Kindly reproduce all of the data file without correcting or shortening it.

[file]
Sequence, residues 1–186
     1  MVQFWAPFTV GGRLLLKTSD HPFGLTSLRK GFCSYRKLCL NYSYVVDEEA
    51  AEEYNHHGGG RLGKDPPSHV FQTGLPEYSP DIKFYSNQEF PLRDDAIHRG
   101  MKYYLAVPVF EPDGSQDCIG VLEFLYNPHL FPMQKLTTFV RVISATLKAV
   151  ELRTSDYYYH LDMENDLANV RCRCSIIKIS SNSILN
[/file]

Sequence, residues 1–186
     1  MVQFWAPFTV GGRLLLKTSD HPFGLTSLRK GFCSYRKLCL NYSYVVDEEA
    51  AEEYNHHGGG RLGKDPPSHV FQTGLPEYSP DIKFYSNQEF PLRDDAIHRG
   101  MKYYLAVPVF EPDGSQDCIG VLEFLYNPHL FPMQKLTTFV RVISATLKAV
   151  ELRTSDYYYH LDMENDLANV RCRCSIIKIS SNSILN